Probating Your Loved One’s Estate

by George F. Dickerman, Attorney and Counselor At Law


Many of us have already prepared an “estate plan” (a “living” trust, for example) and, if the plan was properly done, may be able to avoid probate court altogether.

What do you mean MAY be able….I thought that’s what my living trust was supposed to do?

Well, if properly prepared, executed and funded, then you should avoid probate. However, problems can arise from sloppy work or failure to fully execute the estate plan. If that happens (or you don’t have a trust to begin with), then your loved one’s estate may need to be “probated”.

But first, when a loved one passes away, don’t panic and rush around the house trying to locate insurance records, financial statements, and the like: this is not legal advice, just personal experience. There is time enough to do those things. Relax. Spend the time you need to share with family, attend to funeral matters, and give yourself strength to get through your own grieving process.

Soon the turmoil will calm and the probate process can begin. Start by locating a will, if there is one. If not, the decedent’s estate will be distributed to closest relatives according to a statutory preference list. If there is a will, then an “executor” or estate representative should be named whose duties will include carrying out the intent of the decedent.

Some of the things that will need to be done to probate an estate include:

Determine heirs and beneficiaries

Make a complete list of all real and personal property, including bank accounts, stocks, bonds, other investments, life insurance, etc. (Each type of property must be properly classified as to ownership, such as joint tenancy, community or separate property, etc.)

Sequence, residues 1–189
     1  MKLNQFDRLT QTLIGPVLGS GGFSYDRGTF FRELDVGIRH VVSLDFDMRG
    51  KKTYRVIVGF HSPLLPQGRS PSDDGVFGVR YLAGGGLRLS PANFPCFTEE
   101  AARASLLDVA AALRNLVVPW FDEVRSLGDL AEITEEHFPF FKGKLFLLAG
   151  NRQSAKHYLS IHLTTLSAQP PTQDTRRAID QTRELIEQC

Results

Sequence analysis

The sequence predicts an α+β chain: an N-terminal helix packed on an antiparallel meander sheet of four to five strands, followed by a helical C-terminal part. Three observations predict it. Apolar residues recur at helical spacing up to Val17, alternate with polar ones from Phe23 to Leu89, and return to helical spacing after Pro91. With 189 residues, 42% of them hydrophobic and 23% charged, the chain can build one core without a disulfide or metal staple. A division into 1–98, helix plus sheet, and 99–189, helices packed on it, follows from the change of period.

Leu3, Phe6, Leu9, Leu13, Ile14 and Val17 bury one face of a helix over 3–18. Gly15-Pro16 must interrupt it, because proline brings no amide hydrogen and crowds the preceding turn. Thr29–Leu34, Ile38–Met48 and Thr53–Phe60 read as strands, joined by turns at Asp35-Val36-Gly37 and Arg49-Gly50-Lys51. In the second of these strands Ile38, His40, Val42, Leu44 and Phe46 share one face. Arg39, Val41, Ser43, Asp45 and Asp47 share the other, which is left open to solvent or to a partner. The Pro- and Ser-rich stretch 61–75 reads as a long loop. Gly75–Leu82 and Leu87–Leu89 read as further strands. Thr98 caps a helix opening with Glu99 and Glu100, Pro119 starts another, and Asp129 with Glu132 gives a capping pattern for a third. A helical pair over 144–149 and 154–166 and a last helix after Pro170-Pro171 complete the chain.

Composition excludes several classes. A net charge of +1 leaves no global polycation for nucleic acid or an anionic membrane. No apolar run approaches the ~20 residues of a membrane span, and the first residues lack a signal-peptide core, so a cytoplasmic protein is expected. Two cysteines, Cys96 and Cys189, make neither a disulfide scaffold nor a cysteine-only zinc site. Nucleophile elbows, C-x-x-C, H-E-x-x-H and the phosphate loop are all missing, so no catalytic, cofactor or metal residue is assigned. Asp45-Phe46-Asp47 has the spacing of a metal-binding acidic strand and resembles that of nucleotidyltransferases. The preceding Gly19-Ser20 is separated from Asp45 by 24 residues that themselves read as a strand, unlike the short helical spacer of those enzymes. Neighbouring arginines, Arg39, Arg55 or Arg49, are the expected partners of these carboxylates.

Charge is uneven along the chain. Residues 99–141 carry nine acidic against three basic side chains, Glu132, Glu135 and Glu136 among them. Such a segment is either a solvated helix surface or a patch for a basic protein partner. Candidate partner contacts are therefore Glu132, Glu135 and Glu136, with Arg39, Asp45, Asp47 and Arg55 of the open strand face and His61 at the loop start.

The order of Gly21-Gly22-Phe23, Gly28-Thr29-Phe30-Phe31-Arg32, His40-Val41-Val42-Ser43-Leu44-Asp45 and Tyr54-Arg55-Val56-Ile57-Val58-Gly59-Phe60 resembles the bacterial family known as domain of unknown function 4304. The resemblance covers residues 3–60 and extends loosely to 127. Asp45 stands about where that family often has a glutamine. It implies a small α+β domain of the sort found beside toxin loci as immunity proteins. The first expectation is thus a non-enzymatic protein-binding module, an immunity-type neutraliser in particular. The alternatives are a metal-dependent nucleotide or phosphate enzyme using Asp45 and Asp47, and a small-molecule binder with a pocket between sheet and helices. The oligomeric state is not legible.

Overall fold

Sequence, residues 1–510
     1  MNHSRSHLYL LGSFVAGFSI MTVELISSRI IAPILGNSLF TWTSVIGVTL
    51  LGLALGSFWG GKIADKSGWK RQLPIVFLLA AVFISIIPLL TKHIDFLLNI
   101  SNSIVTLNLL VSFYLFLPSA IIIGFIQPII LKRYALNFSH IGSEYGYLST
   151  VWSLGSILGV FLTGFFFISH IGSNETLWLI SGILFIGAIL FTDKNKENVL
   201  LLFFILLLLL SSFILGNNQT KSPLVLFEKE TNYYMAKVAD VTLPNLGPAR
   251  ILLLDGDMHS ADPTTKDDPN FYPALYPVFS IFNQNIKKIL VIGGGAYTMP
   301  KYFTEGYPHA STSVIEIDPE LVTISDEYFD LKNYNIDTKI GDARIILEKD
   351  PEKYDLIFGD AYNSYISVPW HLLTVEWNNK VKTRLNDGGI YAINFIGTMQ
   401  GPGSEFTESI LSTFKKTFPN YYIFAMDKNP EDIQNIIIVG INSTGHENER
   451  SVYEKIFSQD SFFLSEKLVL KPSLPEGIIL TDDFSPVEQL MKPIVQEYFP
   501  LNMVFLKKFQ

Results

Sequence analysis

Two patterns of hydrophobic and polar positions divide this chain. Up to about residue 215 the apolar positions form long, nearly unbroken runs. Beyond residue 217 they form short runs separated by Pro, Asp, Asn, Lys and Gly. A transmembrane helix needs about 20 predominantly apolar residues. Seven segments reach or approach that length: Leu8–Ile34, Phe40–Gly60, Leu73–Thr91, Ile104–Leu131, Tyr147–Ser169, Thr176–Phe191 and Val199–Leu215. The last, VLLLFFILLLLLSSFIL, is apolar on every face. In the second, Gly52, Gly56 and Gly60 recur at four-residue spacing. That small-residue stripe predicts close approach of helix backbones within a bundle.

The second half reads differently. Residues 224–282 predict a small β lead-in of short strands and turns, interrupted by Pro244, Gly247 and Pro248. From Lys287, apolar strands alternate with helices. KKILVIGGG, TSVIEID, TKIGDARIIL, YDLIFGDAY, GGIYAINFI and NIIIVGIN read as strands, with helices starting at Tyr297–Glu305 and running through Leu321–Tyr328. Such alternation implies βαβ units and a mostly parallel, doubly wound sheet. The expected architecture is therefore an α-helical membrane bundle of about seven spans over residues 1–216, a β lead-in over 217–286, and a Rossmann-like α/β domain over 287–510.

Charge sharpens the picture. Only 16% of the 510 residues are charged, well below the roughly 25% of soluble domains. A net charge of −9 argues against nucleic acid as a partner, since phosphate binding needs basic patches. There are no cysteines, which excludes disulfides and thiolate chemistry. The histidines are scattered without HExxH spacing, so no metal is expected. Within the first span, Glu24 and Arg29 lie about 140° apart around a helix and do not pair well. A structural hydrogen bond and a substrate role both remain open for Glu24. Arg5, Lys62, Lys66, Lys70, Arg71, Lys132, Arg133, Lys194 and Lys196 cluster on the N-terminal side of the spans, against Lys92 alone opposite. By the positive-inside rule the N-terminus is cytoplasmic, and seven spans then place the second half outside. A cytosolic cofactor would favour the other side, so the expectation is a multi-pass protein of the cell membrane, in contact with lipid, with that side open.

Prepare a schedule of assets and liabilities. Each property item must include a determination of value. The list of debts must be compiled and an order of priority established.

If Medi-Cal benefits were paid to the decedent during life, the Department of Health Services must be notified.

Property may need to be transferred into the name of the beneficiary. This can be a relatively informal process, depending upon the type of property, how ownership is held, and its value. Many bank accounts may be transferred to a beneficiary without the need to obtain a court order, if the account is a “POD” (payable on death).

An affidavit of death of joint tenant is a relatively simple form that can transfer ownership from, for example, husband to wife, without court intervention.

A Probate Code Section 13151 Petition to Determine Succession to Real and Personal Property is also a relatively simple way to transfer ownership of real property valued at less than $100,000.

Final income tax returns (Federal & State) will need to be completed. Tax consequences should be considered, and a basic knowledge of “stepped-up” basis rules for inherited property should be acquired.

As with all court matters, it is necessary to cross all the “T”s and dot all the “I”s properly.

When all has been done properly, you will eventually receive your Order of Final Distribution, the estate assets will be transferred to beneficiaries, receipts from the court will be obtained, and you will finally request and receive your Order of Discharge from your duties as personal representative of the estate. Take a deep breath ...maybe a “living trust” is worth a second thought.


George F. Dickerman is a private elder law attorney. For more information on other elder law issues, please call his office at (951) 788-2156 or click here to visit his website:


  Return to Text Only Elder Law Magazine Index

Return to Elder Law Index